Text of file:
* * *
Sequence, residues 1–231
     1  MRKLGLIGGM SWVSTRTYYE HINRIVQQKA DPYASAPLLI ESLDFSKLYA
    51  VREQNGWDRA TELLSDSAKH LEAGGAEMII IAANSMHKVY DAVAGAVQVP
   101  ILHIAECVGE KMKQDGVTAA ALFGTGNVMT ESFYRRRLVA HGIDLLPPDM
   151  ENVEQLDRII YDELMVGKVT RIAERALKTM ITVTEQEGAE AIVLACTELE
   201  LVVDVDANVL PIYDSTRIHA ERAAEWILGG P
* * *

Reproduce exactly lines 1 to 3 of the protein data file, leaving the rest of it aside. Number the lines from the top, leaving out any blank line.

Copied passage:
Sequence, residues 1–231
     1  MRKLGLIGGM SWVSTRTYYE HINRIVQQKA DPYASAPLLI ESLDFSKLYA
    51  VREQNGWDRA TELLSDSAKH LEAGGAEMII IAANSMHKVY DAVAGAVQVP